The Challenge of Prepared Products — Chopped After Hours

by in Shows, June 16th, 2013

In the last After Hours episode, Chopped judges tried their hands at ingredients that collectively proved to be some of the most common ever featured on the show, and their experience with them was a challenge in and of itself. Similarly, on tonight’s all-new battle, judges Alex Guarnaschelli, Aarón Sánchez and Marcus Samuelsson faced a basket with one particularly demanding ingredient: lobster bisque. In the same way that the last group of judges had to transform the familiar, Alex, Aarón and Marcus had to redefine something that was already a finished dish.

“I think that’s the hardest [ingredient] right there,” guest judge Amanda Freitag said of the bisque, “’cause someone made it already. And maybe they made it too creamy, too thick.” Her peers understood what she meant by that, and they each went to great lengths to transform the bisque into something else, instead of simply warming it and serving it as-is. Aarón and Alex treated the bisque as the base of their sauces, guajillo and marinara, respectively, while Marcus used the bisque as the building block of another bisque. He added yogurt and white wine to the basket ingredient in an effort to increase its “sourness,” and cooked it with squid, potatoes and daikon radish. What resulted was a “completely complex” offering, according to Aarón .

When cooking with prepared products at home, do you prefer to leave them as they are, or do you dress them up with complementary ingredients? What did you think of the judges’ use of the bisque, and who do you think featured it best in his or her dish? Click the play button on the video above to watch what Alex, Aarón and Marcus did, then share your reactions and chat with fellow fans in the comments section below. Plus, browse insider photos from the set to get a behind-the-scenes look at what went down in the kitchen.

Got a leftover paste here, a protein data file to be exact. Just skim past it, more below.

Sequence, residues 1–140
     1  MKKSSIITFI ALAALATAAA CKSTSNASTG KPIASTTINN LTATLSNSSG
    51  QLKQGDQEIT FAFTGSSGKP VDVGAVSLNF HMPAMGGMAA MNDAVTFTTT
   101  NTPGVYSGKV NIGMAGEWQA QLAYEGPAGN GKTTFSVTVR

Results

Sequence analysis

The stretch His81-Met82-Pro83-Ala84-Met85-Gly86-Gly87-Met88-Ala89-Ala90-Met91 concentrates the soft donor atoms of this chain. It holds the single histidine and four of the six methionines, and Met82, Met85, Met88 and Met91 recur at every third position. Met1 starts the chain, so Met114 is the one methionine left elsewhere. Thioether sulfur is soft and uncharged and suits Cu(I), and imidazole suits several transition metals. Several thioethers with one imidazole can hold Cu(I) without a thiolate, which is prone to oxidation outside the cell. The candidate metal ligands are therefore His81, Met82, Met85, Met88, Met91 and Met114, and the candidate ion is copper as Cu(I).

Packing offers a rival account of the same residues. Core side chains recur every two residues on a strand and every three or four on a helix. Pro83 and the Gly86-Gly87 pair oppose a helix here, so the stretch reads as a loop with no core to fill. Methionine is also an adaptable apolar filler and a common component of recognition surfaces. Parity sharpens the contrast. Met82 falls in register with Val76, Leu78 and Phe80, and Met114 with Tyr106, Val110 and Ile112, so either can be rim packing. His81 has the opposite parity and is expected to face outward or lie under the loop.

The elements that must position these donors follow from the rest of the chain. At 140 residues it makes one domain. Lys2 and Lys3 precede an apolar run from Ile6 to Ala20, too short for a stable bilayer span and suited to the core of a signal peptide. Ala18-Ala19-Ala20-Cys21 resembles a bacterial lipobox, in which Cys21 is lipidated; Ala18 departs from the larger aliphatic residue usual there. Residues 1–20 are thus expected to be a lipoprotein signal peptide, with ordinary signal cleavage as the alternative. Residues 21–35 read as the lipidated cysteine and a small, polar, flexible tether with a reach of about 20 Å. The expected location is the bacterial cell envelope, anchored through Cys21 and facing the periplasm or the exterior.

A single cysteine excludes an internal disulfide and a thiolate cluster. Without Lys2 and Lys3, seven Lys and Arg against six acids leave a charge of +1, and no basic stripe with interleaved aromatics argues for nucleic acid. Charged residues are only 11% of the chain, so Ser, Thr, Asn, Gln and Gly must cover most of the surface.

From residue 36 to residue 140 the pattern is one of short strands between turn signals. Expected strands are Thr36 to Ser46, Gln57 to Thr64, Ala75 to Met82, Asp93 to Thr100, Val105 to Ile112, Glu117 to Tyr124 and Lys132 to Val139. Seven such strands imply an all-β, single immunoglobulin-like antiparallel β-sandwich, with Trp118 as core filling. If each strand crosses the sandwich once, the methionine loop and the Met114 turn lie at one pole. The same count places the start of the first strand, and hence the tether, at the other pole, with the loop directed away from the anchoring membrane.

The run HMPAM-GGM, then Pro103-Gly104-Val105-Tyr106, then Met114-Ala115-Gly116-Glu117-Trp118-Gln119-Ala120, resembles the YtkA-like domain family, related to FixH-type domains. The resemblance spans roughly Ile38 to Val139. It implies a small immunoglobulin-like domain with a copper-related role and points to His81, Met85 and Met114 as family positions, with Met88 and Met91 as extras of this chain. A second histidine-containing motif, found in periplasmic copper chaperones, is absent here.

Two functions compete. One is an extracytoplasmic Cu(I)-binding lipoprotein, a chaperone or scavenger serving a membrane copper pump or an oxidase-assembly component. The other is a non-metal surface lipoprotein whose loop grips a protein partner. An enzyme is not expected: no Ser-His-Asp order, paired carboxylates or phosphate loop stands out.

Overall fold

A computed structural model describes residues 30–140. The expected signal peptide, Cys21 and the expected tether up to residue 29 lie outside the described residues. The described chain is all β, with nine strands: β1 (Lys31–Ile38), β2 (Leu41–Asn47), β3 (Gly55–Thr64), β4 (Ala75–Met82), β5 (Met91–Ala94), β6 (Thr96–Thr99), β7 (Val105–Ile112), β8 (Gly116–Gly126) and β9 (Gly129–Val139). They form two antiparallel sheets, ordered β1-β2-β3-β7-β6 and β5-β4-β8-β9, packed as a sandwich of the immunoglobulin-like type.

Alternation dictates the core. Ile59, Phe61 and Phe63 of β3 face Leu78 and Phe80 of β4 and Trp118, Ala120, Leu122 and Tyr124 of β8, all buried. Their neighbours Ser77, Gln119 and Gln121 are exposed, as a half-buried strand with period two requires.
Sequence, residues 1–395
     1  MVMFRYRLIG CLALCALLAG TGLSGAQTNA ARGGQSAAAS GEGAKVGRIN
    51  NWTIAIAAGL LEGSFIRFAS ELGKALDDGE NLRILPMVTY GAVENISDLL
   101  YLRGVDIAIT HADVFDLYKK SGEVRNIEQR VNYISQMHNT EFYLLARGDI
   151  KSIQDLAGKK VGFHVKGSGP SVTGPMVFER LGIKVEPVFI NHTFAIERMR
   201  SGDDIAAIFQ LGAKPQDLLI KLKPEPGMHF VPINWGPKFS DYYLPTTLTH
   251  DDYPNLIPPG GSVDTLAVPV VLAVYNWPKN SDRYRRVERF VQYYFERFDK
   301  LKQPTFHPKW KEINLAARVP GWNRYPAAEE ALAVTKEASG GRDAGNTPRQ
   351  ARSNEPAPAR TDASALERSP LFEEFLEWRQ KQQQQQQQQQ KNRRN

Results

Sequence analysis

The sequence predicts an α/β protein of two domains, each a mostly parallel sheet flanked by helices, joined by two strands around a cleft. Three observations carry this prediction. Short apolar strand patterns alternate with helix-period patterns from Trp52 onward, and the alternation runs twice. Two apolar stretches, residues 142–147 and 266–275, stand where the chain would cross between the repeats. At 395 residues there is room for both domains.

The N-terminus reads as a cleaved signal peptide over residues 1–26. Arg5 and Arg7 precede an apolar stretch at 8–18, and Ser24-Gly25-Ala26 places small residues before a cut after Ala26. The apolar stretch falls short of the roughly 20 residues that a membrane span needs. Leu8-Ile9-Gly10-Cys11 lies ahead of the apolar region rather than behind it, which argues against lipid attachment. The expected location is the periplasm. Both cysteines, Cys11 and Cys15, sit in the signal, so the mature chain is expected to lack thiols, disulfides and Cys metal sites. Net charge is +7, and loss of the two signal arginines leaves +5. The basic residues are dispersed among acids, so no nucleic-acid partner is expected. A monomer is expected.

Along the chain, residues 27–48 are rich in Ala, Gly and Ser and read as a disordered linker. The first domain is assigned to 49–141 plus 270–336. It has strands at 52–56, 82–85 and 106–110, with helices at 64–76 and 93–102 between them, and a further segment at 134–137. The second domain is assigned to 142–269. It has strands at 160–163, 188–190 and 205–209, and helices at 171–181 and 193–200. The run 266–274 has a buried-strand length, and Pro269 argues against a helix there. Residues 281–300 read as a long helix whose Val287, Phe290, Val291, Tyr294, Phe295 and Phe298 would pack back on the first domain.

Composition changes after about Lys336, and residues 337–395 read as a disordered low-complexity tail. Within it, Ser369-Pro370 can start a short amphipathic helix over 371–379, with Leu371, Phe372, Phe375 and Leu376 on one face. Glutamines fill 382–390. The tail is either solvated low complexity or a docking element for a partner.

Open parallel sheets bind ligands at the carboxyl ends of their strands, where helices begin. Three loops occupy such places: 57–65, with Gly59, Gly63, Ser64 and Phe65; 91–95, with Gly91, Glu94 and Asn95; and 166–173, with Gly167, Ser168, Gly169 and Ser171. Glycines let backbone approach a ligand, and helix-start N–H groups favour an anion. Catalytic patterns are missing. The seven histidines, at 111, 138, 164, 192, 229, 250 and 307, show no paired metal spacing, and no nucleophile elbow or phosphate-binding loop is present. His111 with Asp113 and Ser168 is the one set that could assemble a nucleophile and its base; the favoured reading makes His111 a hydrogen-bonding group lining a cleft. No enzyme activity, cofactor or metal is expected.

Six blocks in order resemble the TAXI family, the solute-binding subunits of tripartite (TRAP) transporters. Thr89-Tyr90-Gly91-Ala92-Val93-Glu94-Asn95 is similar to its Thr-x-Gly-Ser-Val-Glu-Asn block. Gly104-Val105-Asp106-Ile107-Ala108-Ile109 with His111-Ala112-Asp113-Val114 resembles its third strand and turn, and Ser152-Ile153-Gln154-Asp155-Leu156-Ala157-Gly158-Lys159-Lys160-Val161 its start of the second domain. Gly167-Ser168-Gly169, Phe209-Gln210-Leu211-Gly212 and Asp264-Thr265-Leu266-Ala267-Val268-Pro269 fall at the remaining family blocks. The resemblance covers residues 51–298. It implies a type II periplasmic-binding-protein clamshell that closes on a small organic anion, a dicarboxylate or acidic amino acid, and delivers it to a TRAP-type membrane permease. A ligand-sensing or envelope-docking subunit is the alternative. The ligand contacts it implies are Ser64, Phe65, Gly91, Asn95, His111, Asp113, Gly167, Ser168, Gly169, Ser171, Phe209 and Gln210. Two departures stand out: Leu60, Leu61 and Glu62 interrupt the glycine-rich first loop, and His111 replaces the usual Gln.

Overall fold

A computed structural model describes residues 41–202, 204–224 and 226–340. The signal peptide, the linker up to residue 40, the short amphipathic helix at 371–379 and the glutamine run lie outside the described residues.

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Comments (19)

  1. Maria says:

    I loved this episode, Aaron is my favorite :)
    Now to answer your question I prefer to leave them as they are, because for me are more tasty and healthy.
    Thank you Maria for sharing

  2. Kiwi says:

    This is a comment about tonight's episode. I don't think it is fair that a Michelin star chef is competing against non-Michelin star chefs. I thought the chef that lost in the dessert round was amazing and yes he made errors, but how could he be judged against the other chef???

    • Jem says:

      I agree, did not seem fare to the other chefs, I know the Michelin chef was going to win, I also thought the other chef in the dessert round , was the true winner since he was not the one that was a Michelin chef , cooking that way everyday, therefore was more of a challenge for him and not much of a challenge for the Michelin chef.

  3. neenie says:

    i loved this and all episodes of chopped. i am a h-u-g-e fan of the show. i absolutely love all the judges— they all have such distinct personalities and so-o-o charming!!!!!neenie

  4. neenie says:


  5. neenie says:

    I LOVE "CHOPPED"!! I am absolutely addicted to the show, I think all the judges are terrific—each with their distinct personality and they are all brilliant!!!!!!!!! KEEP UP THE GOOD WORK!!

  6. Kim M. says:

    I wish that when they had a Grand Champion on a chopped show that they would recognize the runner-up chef. Seriously, I think sometimes the competition is just so close that it is terrible to give one the title and the 2nd top competitor walks away with nothing. How about a Gold and Silver Champion?

  7. Kim M. says:

    I love this show Chopped also – it has become my absolute favorite next to the Pioneer Woman. I like Guy Fieri and his DDD show, but frankly I think the network runs too many episodes of his show on week nights and on Friday nights. Please mix it up a bit more.

  8. JMS says:

    First I got to say, I love the show. But, it killed me every time anyone on the show said אתרוג (etrog or esrog in hebrew). The pronunciation of the "e" is and eh sound like in egg or etymology. Speaking of the etymology, etrog is spoken of in the talmud, a Jewish religious text. To this day it is used on the holiday of succot by Jews because it's both pleasant smell and taste to represent someone who both is wise and does good deads.

    It makes an awesome jam but to pit one can up to 20 min so I wouldn't advise making it for chopped ;)

  9. Ladybird says:

    I would like to see super skinny chef take really fatty foods and make some
    thing great! Just to show that skinny girls/guys know how to cook even if they don"t eat.

  10. Chaos says:

    I'd love if chopped was more like this.

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